Massachusetts Governor Plans to Retain More Foreign STEM Grads

Last June, the Senate passed a comprehensive immigration reform bill that, among other things, would help more foreign STEM graduates to stay here, after they finish their studies at U.S. universities. That is: it would, if both houses could agree on it. Unfortunately, with the one-year anniversary rapidly approaching, the House of Representatives shows no sign of taking up the Senate CIR measure, or any other immigration reform legislation.

Out of sheer frustration with the lack of Congressional action, several state legislatures have passed their own immigration laws, most of them attempting to deal with border security and illegal immigration, with mixed results, at best. Massachusetts is taking a different tack. Instead of immigrant-bashing measures, Governor Deval Patrick has announced an ingenious scheme to make his state more welcoming to immigrants – specifically, to keep more foreign STEM graduates in his state, after they finish their degrees, under a new Global Entrepreneur in Residence (GER) program, which he described as follows:

“The program will allow qualified, highly skilled, international students currently in Massachusetts to stay here after graduation if they are starting or growing a business. Administered by the Mass Tech Collaborative, the program will place selected students – who are eligible for H1B visas but unable to get them due to a federal cap – as ‘entrepreneurs in residence’ at public and private institutions and will ensure that they continue to contribute to the Massachusetts economy.” [See Governor Patrick Announces Economic Development Package to Promote Growth and Opportunity Across the Commonwealth, Press Release, Office of Governor Deval Patrick, 10.Apr.2014.]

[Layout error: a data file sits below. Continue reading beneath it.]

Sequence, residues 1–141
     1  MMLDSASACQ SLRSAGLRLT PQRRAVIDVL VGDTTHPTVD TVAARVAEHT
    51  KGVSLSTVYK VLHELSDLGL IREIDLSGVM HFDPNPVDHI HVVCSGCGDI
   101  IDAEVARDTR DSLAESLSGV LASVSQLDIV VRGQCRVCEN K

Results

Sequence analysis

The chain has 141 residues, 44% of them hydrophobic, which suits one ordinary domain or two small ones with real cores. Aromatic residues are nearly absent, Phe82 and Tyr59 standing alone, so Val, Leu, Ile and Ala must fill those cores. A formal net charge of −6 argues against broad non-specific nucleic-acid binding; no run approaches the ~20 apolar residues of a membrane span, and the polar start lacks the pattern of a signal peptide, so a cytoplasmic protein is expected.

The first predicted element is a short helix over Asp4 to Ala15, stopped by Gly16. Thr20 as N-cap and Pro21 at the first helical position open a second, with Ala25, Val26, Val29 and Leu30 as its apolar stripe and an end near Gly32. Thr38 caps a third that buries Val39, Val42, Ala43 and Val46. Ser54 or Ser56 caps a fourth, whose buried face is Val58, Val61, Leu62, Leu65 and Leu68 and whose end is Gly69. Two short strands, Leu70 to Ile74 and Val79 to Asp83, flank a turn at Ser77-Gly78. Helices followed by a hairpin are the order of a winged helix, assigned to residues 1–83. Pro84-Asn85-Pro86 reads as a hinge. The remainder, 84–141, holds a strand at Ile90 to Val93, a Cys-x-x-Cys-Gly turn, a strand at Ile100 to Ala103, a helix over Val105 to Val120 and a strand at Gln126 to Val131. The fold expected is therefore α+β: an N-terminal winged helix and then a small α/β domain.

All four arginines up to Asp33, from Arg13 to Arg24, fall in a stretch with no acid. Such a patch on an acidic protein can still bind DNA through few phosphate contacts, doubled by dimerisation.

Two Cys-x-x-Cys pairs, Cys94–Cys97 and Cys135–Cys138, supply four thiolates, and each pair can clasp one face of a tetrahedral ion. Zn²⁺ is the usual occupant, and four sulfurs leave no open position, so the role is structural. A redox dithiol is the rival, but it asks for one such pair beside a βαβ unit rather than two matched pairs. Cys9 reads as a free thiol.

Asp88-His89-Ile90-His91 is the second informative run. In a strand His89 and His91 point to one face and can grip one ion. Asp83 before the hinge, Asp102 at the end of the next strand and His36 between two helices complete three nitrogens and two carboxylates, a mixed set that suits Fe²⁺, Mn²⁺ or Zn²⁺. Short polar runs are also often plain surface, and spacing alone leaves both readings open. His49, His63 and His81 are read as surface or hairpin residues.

According to a recent article in CNN Money, the GER program would allow foreign graduates of Massachusetts universities to sidestep the H1B cap, by providing university-based employment to program participants. Why? Because, “institutions of higher learning are exempt from the H1B visa cap and can apply for visas for their employees at any point throughout the year,” not just during the cap-season rush period. [See Massachusetts’ Clever Immigration Reform Workaround, by Claire Zillman, CNN Money, 14.Apr.2014.]

Though Governor Patrick’s proposal did not indicate how many slots will be available for the GER program, demand is likely to be high. As Greg Bialecki, the state’s Secretary of Housing and Economic Development, told CNN Money, Massachusetts institutions currently host about 46,000 foreign college students.

It speaks volumes about official Washington, that states feel compelled to take immigration policy into their own hands. We applaud Governor Patrick for the initiative and creativity his administration has shown in seeking a path around the Congressional logjam that CIR has become. We can only hope that Congress will conclude – as Governor Patrick clearly has – that it makes no sense to train the world’s best and brightest, only to send them home.

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